FCC asked to remove fake comments on net neutrality

Greg Nash

Individuals whose identities were used without their permission on comments to the Federal Communications Commission (FCC)  are speaking out to the agency.

In a letter to FCC Chairman Ajit Pai signed by 14 people, the group offers support for the principle of net neutrality, after the fake comments under their names called for the end of those rules. 

They also called for the comments to be removed. 

“We are disturbed by reports that indicate you have no plans to remove these fraudulent comments from the public docket,” the group wrote in a letter posted on Fight for the Future’s web site 

“Whoever is behind this stole our names and addresses, publicly exposed our private information without our permission, and used our identities to file a political statement we did not sign onto.”

Earlier in May, several news outlets reported that fake anti-net neutrality comments were being filed to the FCC.

The comments were identical: “The unprecedented regulatory power the Obama Administration imposed on the internet is smothering innovation, damaging the American economy and obstructing job creation. I urge the Federal Communications Commission to end the bureaucratic regulatory overreach of the internet known as Title II and restore the bipartisan light-touch regulatory consensus that enabled the internet to flourish for more than 20 years.”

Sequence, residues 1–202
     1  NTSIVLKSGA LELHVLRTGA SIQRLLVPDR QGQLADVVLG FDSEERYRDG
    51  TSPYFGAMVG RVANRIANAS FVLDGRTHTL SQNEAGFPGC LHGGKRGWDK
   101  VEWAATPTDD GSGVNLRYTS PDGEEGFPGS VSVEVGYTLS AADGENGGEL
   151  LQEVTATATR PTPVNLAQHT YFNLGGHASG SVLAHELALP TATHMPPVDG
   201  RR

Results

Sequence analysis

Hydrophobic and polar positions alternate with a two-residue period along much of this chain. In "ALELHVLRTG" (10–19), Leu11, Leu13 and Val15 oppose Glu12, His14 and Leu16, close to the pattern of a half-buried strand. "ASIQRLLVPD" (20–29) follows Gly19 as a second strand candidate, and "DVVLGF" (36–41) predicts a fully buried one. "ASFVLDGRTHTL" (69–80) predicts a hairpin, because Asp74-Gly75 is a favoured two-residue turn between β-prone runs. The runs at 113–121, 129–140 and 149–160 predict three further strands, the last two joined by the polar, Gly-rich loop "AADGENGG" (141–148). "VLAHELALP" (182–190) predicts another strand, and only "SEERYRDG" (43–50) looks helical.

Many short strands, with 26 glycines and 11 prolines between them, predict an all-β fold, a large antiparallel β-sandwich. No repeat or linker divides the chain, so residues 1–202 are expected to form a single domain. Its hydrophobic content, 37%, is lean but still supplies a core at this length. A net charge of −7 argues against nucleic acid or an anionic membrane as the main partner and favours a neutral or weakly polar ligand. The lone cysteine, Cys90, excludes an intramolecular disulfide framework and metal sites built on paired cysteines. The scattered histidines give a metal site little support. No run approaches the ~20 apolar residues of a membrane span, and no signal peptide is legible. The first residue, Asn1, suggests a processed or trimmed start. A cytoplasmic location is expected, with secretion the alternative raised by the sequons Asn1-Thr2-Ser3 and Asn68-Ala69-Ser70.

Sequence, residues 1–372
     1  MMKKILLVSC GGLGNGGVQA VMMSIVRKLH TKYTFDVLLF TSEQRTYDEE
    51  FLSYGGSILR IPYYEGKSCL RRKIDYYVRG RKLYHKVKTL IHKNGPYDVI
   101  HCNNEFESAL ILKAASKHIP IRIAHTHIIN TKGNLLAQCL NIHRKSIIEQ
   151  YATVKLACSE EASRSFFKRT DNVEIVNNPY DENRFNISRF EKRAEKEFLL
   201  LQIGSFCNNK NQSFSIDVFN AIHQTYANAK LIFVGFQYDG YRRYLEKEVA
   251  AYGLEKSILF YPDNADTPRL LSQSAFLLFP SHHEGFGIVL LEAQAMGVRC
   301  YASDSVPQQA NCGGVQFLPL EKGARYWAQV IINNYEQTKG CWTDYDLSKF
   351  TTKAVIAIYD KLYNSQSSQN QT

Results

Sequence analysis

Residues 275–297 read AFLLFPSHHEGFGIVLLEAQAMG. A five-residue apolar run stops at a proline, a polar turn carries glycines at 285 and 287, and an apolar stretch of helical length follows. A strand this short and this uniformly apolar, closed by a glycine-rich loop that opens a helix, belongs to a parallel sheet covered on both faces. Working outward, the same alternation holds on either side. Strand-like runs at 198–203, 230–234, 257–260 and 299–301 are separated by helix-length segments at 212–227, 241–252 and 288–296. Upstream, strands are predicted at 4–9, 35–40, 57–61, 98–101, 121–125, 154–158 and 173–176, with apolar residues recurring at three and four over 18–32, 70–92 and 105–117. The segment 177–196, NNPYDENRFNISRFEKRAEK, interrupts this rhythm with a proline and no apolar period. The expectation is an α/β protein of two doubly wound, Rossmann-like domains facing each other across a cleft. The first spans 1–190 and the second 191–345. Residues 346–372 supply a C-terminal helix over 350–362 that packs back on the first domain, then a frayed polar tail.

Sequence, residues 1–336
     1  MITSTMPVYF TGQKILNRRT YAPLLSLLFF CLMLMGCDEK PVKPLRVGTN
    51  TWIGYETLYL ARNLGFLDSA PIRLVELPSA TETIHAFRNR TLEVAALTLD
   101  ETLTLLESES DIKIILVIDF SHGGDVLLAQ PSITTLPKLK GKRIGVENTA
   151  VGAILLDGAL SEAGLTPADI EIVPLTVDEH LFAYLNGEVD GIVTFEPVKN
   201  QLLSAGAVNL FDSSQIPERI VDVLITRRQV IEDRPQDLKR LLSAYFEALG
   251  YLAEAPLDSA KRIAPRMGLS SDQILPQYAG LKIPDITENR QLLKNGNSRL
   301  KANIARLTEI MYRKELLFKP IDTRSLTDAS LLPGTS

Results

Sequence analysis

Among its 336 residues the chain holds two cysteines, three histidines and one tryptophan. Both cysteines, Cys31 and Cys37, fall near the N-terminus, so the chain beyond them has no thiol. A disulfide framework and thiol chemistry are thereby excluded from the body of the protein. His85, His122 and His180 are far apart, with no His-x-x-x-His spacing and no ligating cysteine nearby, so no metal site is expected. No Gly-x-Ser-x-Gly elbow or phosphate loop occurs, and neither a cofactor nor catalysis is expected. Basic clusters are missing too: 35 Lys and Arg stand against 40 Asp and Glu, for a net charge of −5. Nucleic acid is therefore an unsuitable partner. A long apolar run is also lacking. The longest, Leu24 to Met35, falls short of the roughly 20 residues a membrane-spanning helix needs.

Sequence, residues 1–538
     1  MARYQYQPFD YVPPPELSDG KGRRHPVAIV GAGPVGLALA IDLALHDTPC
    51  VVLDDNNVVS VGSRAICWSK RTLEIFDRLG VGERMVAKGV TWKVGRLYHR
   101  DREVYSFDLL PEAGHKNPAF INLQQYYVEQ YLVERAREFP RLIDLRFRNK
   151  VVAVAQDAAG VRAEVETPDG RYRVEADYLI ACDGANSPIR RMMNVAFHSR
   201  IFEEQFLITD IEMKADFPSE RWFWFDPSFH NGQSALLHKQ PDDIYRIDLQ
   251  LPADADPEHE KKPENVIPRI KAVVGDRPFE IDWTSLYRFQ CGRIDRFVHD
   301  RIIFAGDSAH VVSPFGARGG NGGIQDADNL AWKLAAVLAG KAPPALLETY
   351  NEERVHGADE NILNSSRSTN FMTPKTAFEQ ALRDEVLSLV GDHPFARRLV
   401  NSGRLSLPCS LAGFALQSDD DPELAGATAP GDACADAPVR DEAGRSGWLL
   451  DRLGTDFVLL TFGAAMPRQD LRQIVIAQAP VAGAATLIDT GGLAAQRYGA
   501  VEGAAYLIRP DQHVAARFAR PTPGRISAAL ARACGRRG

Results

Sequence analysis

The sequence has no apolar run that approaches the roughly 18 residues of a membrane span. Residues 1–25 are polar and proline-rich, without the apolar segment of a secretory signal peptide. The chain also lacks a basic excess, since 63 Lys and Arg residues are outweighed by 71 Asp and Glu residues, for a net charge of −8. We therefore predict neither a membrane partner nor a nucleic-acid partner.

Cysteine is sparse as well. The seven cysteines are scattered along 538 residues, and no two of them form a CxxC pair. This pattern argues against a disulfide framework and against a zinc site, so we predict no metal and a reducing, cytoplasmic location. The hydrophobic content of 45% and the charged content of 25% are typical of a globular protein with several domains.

The number of fake comments could be in the hundreds of thousands.

The 14 people who signed the letter asking that the comments be removed are just a handful of the names used on the comments. 

In their letter, the group called on the FCC to notify everyone affected by fake comments, remove such comments and publicly disclose any information that they might have about the fake comments.

FCC Chairman Ajit Pai’s plan to roll back the Obama-era net neutrality provisions is up for public comment on the FCC’s website. Pai’s plan, titled “Restoring Internet Freedom,” has been met with heavy opposition from consumer groups and smaller technology companies, but it has received support from telecommunications giants like AT&T and Verizon.

When asked for comment, an FCC spokesperson pointed to Pai’s response on the matter from the open meeting.

“Of course this is not new: fake comments were filed in the 2014-15 proceeding under names like Donald Duck, Mickey Mouse, and Stalin, just to name a few,” Pai said at the meeting. “This time around I think the bottom line is I urge everyone who’s interested in this issue to participate in the process in an honest and forthright way, and that is, I think, the best way to make sure your voice is heard.”


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